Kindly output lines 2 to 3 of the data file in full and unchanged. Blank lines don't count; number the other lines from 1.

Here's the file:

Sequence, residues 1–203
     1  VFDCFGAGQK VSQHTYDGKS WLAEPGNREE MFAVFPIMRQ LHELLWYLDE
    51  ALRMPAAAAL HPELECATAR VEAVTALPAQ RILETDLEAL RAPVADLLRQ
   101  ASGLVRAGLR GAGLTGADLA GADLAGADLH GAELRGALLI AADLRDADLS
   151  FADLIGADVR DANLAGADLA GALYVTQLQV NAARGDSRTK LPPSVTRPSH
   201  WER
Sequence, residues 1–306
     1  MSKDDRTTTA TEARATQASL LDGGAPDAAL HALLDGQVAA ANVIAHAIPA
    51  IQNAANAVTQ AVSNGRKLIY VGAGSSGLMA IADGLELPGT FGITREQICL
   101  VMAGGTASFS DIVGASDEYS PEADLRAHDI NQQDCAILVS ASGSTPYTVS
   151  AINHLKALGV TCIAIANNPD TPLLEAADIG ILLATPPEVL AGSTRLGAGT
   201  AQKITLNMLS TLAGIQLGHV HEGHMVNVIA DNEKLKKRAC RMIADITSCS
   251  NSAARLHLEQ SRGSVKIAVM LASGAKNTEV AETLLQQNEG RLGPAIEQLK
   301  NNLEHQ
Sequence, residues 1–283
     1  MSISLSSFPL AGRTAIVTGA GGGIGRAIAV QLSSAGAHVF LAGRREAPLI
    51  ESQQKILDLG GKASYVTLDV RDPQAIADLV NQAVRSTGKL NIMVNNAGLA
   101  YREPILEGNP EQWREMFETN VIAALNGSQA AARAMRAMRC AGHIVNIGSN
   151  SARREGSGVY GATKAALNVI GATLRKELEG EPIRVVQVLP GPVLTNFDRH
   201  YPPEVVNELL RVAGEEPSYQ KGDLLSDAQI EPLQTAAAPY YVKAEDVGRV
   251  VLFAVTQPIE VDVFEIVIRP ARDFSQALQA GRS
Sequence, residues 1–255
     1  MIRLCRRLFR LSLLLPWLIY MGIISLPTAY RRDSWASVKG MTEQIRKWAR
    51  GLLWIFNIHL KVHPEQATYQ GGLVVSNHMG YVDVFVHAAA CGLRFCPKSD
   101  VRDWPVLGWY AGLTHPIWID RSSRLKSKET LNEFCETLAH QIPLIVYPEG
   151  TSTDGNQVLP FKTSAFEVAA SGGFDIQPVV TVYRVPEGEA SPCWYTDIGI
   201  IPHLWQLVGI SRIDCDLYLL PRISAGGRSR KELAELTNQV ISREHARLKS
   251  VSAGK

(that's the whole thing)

     1  VFDCFGAGQK VSQHTYDGKS WLAEPGNREE MFAVFPIMRQ LHELLWYLDE
    51  ALRMPAAAAL HPELECATAR VEAVTALPAQ RILETDLEAL RAPVADLLRQ